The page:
GUDWAL, Saint (fl. 650), bishop and confessor, is said to have been of noble parentage and a native of Wales. At an early age he entered the priesthood, and became a bishop. Afterwards he led a party of 188 monks across the sea to Cornuvia (Cornwall), where they were hospitably received by Mevor, a prince of the country, and Gudwal founded a monastery not far off (according to the Bollandists, in Devonshire). After his death his monks carried his body to Monstreuil in Picardy, and it eventually, in 955 or 959, found a resting-place in the monastery of Blandinberg at Ghent, where his festival was kept on 6 June. Relics of Gudwal were also preserved at Yevre-le-Chastel and Pluviers in the Gatinois. Such is briefly the legend as given by the Bollandists, but Surius and Malebrancq make Mevor a native of Picardy, reading Corminia (Cormon) for Cornuvia, and say that it was there that Gudwal established his monastery. The parish of Gulval, near Penzance, is dedicated to him, and there is a celebrated holy well there, but the old oratory has been destroyed. Gudwal's life and miracles were written by a monk of Blandinberg in the twelfth century (the writer refers to Abbot Gislebert, who died in 1138), but there seems to have been an older life which has perished. The full life is printed in the 'Acta Sanctorum,' and abbreviations of it are given by Capgrave and Surius.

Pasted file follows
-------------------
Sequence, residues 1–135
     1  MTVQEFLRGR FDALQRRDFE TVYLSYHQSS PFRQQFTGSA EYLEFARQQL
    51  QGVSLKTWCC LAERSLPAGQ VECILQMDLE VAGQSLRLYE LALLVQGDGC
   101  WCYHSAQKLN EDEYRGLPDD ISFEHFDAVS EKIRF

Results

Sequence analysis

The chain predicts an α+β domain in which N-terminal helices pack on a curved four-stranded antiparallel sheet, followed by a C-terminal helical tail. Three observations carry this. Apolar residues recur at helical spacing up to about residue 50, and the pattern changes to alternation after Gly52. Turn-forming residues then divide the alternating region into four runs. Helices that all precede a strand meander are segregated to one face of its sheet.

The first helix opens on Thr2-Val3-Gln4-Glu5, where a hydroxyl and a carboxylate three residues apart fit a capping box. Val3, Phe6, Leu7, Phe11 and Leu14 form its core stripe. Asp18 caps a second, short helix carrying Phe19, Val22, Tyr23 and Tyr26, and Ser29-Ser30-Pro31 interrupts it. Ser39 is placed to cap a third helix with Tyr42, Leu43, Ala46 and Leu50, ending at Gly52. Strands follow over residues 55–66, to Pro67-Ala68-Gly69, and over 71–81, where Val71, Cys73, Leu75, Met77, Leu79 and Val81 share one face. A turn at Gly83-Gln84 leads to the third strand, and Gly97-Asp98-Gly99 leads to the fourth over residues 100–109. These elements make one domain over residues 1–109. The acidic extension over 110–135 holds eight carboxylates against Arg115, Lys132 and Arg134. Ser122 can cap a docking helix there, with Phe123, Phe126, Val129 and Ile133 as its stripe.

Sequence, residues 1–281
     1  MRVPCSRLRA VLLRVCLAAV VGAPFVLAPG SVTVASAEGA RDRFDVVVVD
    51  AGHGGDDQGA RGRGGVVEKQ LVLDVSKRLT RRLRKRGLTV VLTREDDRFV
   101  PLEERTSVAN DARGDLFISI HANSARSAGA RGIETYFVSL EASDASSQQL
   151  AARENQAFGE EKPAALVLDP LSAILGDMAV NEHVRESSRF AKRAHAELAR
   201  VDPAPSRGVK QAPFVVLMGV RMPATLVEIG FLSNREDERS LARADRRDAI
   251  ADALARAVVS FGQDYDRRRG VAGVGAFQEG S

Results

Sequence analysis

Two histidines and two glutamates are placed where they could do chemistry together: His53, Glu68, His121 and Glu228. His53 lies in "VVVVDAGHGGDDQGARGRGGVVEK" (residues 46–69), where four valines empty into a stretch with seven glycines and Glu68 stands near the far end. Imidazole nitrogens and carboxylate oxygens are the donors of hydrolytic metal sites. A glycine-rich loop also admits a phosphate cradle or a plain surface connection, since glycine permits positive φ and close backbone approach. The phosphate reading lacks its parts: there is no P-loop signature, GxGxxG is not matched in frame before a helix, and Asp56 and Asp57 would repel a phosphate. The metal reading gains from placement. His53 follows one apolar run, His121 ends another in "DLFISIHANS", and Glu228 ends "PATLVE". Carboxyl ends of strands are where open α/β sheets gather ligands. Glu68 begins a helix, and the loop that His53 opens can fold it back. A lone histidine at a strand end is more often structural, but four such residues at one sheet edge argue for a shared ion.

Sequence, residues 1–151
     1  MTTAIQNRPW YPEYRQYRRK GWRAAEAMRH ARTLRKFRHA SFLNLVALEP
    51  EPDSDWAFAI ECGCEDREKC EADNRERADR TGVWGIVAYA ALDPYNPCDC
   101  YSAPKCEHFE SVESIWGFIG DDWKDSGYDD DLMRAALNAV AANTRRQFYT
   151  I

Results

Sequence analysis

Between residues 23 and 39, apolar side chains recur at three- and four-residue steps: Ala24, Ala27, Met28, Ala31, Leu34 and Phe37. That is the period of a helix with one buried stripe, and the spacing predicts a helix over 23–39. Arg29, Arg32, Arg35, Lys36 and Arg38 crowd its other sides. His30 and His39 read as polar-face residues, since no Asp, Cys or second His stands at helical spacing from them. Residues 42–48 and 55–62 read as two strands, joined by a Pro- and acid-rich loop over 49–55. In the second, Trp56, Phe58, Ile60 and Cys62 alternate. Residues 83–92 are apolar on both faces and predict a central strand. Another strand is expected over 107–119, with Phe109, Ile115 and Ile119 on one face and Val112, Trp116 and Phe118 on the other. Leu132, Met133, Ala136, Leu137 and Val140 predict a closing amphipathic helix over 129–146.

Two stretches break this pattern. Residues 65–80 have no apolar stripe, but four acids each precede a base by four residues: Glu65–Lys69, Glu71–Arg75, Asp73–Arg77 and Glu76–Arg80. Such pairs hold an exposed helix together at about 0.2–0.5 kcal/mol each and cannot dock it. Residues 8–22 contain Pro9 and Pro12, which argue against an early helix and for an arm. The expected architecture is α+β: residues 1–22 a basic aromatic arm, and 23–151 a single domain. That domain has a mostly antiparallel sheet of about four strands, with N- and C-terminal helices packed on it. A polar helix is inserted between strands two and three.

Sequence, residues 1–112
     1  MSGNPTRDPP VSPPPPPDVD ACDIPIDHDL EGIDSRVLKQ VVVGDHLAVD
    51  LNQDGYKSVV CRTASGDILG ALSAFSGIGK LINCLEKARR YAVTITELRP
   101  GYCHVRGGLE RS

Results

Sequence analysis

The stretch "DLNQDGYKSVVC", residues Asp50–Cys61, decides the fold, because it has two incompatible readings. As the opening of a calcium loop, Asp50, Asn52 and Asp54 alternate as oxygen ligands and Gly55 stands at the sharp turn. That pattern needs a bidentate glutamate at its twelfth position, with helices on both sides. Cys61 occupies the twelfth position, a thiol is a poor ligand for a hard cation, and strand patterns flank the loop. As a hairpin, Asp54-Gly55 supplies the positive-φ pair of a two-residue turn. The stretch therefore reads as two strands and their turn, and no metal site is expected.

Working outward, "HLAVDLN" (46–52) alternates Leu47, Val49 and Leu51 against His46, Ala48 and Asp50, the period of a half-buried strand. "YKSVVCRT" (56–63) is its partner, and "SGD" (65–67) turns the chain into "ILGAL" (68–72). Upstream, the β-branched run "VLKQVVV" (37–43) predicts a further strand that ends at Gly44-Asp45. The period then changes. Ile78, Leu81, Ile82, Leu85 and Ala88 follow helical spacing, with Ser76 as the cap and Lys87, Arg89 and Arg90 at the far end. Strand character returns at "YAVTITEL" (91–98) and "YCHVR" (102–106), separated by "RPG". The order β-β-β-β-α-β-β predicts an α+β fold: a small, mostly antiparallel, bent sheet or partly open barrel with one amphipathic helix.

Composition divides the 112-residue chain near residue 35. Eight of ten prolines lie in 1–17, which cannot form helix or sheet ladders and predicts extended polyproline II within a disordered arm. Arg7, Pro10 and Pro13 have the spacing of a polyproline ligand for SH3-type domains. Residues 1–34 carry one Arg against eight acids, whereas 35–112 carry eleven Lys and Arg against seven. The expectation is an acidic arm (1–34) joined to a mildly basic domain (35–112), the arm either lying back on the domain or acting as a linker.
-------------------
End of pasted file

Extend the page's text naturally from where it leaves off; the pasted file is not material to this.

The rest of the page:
Gudwal must be distinguished from St. Gudwal or Gurval, an Irish monk and disciple of St. Brendan (484-577) [q. v.], who became second bishop of St. Malo in the seventh century. This saint's festival was also kept on 6 June, though the day is sometimes given as 6 Jan.[Acta Sanctorum, 6 June, i. 715 sqq.; Surius Vitæ Sanctorum, vi. 108; Capgrave's Nova Legenda Anglie, p. 167; Malbrancq, De Morinis, lib. ii. c. xv.; Hardy's Cat. Brit. Hist. i. 371-3 (for a description of the various manuscripts of the Vita S. Gudwali); Haddan and Stubbs, i. 28, 31, 36, 161, ii. 82, 85; Dict. Christ. Biog. ii. 807, 823.]